CCH Tax Day Report
The Tennessee Department of Revenue discusses the sales and use tax consequences for owners of Volkswagen vehicles affected by the federal settlement. Under the settlement with federal regulators, Volkswagen has agreed to buy back all affected vehicles, allow a trade-in for another vehicle, or pay cash settlements and provide new emission software to those who choose to keep their vehicles.
Vehicle owners who have a vehicle covered by the settlement may face sales and use tax consequences depending on the option chosen.
– Owners who wish to sell the vehicle back to Volkswagen will not be required to pay or collect sales tax on the sale. Additionally, such owners will not be entitled to a refund of the sales tax paid on the original purchase of the vehicle. Owners who use the money received from the buyback to purchase a new vehicle will need to pay sales tax on the entire sales price of the new vehicle. The sale to Volkswagen and the purchase of a new vehicle are two separate transactions. Under these circumstances, no trade-in occurs, so no trade-in deduction is allowed.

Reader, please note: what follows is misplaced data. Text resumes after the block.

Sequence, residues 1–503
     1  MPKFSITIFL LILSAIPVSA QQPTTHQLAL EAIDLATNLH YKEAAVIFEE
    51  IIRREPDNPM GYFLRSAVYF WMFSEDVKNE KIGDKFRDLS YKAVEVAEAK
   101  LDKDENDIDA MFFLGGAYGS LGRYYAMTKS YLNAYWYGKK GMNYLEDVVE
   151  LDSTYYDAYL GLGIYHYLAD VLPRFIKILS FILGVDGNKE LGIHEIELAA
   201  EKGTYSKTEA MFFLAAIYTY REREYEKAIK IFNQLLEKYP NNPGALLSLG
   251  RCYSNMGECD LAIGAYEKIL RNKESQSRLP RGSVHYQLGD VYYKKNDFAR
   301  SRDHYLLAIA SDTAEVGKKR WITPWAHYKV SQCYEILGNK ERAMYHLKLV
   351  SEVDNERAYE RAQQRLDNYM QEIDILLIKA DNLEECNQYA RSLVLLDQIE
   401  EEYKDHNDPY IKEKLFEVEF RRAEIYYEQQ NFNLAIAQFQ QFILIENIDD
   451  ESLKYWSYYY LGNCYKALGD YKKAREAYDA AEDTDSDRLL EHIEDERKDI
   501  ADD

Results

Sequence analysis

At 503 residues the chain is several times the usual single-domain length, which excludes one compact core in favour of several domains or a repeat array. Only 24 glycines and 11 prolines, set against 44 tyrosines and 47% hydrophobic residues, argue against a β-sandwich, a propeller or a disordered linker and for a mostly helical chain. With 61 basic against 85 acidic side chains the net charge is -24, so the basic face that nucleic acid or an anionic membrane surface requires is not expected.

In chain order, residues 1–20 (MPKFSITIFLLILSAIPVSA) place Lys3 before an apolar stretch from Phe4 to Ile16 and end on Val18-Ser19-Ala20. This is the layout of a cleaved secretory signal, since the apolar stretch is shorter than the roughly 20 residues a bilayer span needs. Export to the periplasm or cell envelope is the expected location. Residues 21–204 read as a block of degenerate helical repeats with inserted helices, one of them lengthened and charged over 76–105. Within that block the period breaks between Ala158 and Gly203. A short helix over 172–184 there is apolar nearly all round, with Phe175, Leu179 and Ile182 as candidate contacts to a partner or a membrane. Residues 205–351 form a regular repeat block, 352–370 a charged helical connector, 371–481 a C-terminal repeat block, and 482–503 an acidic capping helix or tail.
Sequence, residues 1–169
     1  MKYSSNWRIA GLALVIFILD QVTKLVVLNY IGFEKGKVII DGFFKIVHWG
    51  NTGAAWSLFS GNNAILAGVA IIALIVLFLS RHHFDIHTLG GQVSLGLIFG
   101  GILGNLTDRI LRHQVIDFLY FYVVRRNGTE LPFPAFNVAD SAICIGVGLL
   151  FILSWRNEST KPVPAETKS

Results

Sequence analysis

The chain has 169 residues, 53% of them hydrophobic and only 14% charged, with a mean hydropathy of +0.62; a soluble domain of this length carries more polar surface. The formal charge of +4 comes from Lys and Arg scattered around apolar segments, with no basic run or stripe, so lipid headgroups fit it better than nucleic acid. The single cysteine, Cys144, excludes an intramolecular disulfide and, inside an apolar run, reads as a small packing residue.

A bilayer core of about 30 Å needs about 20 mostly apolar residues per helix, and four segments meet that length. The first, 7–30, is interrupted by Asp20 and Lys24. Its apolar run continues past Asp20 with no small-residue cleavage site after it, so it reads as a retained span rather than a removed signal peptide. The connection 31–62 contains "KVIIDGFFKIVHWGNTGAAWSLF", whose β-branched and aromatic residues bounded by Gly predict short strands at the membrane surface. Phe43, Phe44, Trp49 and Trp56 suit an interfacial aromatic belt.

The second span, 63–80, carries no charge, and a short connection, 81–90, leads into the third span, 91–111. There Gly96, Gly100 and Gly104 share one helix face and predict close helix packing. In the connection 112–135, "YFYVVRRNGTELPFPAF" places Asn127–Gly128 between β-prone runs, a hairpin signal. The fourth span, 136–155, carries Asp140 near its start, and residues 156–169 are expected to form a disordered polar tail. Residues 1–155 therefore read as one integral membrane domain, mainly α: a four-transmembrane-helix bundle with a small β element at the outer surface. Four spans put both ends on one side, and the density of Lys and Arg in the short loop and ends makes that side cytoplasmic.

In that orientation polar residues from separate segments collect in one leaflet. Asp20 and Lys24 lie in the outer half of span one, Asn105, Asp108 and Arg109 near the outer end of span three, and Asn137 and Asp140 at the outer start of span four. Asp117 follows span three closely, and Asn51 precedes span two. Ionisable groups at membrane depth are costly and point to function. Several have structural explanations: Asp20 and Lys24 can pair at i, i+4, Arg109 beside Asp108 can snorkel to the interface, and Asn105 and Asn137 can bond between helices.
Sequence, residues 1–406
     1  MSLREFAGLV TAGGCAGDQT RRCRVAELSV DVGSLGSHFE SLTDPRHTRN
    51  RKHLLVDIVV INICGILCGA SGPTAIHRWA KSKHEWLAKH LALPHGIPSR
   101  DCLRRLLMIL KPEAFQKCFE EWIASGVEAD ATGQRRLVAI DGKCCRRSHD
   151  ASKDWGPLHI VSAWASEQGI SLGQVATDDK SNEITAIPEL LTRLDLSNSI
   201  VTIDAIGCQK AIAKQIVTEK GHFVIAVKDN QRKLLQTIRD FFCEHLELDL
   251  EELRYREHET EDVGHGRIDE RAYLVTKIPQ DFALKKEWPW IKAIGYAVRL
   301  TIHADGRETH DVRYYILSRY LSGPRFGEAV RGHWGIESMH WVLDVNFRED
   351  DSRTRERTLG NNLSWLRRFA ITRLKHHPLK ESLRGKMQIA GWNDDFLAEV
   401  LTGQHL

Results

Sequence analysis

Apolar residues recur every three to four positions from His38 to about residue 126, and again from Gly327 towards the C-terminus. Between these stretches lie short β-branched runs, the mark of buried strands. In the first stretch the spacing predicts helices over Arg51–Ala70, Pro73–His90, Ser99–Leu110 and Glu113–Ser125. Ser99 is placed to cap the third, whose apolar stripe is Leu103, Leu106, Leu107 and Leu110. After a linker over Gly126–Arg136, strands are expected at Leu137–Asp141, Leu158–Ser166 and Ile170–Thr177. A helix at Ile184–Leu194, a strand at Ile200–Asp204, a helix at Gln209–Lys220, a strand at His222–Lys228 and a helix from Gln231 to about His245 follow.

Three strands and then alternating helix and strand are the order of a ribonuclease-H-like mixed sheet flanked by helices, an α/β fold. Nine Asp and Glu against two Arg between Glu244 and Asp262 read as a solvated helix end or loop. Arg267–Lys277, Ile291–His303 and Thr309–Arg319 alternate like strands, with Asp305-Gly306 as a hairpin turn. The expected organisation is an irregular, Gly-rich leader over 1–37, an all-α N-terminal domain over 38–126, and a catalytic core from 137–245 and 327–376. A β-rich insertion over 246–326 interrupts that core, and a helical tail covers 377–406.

– Owners who choose to trade-in their vehicle to a dealer for a new vehicle will owe sales tax on the difference between the sales price of the new vehicle and the trade-in allowance given by the dealer for their current vehicle.
– There are no sales and use tax consequences for owners who choose to keep their vehicle and receive the cash settlement and the new emission software modification.
In October 2016, a settlement was approved between the United States and Volkswagen that partially resolves allegations that Volkswagen violated the Clean Air Act by the sale of 500,000 model year 2009 to 2015 motor vehicles containing 2.0 liter diesel engines equipped with defeat devices (i.e., software that evades Environmental Protection Agency emissions standards for nitrogen oxides).
Tax Questions, Tennessee Department of Revenue, December 2, 2016